Of course, there must be a numerical threshold for change. There must be a theoretical number of boycotting consumers who would, in their collective abstinence, deliver to Walmart a message loud enough for the system to adjust. But, despite the great unlikelihood of such an event, it’s simply implausible that such a massive number could be attained through the moral suasion of individual choice. Instead, something external to individual choice—such as a spike in price or a food safety scare or maybe the classification of bacon as a carcinogen—would have to drive such a comprehensive transformation.
While deflating, the message delivered by causal impotence shouldn’t deter the vegan from giving up veganism any more than it should deter the environmentalist from trading in the Prius for a Porsche. Symbolism matters, as does the personal satisfaction of knowing that you live your life in accordance with the ideals that you espouse. Plus, lots of symbolism can sometimes inspire a movement capable of effecting change from the top down, as Naomi Starkman recently suggested. But it is simply inaccurate to quantify our impact in terms of animal lives saved. Sometimes those making personal sacrifices for a larger cause—yes, even vegans—need to find another way to think about progress.
That is to say, individual action sadly does not matter; voting with your dollars does not matter; but symbolism does. Neither way of approaching ethical eating is more “correct”; it’s just important to keep both of these extremes, hopeful symbolism and cynicical practicality, in mind when making informed decisions.
- I don’t know how much I believe in consumerist elitism. The fact of the matter is that, food waste aside, factory farmed meat is cheap enough for the “masses” to afford, which is a good thing. People aren’t just getting the cheapest food they can get so that they can afford a new iPad; we genuinely benefit as a society from spending less of our money on food. Back in the day when you had to farm all your food, food expenditures pretty much took up a family’s entire paycheck. Think about what it means if we only have to spend 10% of our paychecks on food. Now, I’m aware that people in poverty continue to struggle to put dinner on the table, even in the U.S., and we have a lot of work to do to miminize this inequality, but to pine for a time where everyone produced their own food is to ignore the huge progress that these new habits of consumption represent. This comes at a cost to animals and the environment; we just need to fix the regulatory system that allows a more optimal tradeoff between cheap and ethical/sustainable food production. So who am I to say I’m above participating in this food system? Does it make me a mindless sheep if i do participate?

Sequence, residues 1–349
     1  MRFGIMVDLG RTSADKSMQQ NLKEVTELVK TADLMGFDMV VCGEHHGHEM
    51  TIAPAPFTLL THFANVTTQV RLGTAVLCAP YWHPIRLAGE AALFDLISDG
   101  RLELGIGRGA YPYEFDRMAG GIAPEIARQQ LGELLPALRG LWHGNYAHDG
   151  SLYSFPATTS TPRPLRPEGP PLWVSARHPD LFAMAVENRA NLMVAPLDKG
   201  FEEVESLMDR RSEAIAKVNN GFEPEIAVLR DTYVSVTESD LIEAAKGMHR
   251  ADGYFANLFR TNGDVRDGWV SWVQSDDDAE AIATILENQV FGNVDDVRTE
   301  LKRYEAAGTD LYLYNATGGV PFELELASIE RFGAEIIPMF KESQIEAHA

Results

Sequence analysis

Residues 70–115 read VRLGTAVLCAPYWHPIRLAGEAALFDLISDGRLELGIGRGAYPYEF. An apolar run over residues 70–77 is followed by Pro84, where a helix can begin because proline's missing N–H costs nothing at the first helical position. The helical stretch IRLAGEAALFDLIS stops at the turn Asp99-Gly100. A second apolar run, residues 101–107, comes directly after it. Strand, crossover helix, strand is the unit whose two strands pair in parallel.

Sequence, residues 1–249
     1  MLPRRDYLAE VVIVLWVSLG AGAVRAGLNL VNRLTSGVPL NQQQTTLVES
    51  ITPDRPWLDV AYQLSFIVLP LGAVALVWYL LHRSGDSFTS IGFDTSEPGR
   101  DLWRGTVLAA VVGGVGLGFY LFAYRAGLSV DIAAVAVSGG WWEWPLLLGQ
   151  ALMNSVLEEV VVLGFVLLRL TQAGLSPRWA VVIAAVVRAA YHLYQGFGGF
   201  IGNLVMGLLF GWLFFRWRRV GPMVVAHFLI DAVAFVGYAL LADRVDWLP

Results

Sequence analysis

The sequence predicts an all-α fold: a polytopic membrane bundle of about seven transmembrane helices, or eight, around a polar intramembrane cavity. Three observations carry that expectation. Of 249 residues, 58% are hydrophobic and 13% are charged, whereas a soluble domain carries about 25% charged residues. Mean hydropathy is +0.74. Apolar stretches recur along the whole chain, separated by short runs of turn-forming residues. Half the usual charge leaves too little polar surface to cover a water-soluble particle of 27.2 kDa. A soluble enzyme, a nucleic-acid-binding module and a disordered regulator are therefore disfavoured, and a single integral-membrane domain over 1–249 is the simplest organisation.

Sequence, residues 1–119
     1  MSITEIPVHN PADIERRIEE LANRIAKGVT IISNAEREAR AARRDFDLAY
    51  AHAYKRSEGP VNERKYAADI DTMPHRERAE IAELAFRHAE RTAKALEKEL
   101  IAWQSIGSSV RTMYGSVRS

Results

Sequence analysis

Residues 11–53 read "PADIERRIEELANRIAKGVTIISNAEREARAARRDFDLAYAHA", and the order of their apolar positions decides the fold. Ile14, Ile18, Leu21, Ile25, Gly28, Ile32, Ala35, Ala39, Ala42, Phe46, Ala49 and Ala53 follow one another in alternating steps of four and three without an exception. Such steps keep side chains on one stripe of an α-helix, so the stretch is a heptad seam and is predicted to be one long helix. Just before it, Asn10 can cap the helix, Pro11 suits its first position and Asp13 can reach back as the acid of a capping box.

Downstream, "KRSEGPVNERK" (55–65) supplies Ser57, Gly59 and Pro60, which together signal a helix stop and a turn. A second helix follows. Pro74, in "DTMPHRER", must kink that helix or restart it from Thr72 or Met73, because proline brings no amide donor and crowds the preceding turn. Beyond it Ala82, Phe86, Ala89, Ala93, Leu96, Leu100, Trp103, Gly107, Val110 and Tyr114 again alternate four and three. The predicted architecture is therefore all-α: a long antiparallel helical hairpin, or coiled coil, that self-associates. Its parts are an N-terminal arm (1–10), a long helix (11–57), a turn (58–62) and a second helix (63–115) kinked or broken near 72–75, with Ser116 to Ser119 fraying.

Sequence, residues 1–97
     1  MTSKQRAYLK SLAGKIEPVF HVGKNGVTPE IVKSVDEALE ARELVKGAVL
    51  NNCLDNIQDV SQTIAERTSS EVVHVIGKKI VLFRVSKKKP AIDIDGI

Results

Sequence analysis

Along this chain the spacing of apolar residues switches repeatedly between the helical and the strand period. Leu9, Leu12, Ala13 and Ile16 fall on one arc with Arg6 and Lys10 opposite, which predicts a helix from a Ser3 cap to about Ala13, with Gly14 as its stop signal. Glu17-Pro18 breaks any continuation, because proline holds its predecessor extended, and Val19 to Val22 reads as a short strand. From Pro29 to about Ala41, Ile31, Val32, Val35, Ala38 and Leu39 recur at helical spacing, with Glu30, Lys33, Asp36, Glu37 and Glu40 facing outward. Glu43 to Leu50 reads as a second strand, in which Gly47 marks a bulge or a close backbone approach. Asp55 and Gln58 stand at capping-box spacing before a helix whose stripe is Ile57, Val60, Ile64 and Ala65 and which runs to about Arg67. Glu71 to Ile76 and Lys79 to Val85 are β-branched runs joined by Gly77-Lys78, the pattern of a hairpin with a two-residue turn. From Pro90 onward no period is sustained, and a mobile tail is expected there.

What to eat has been quite a big struggle on my part: to balance the fact that, now that I know what meat production for a growing world population and a modern society entails, do I believe that opting out is truly the ethical choice or is it just a feel-good tactic to keep my feelings of guilt for existing as a human on this planet at bay?
I have no answers. Only questions. All I know is that the struggle between eating meat and not eating meat poses a much more complex moral dilemma than I initially thought when I went vegetarian.
From Landrigan’s article:
“It’s easy to say ‘all life is death and suffering’ …but for me, all ethics are something I struggle with almost daily,” Malchik says. “The important thing for me is not to bury the facts behind how I live and the choices I make. Facing them is a lifelong effort.”
One thing that’s really changed: now I wish I ate vegetarian around family just to annoy my brother. Because if you’re policing others’ eating habits, I have no patience for you. Maybe that will make the social part a little MORE fun, and I will start re-introducing vegetarianism into my life from there. So, thanks big brother. I’m eating this tempeh for you.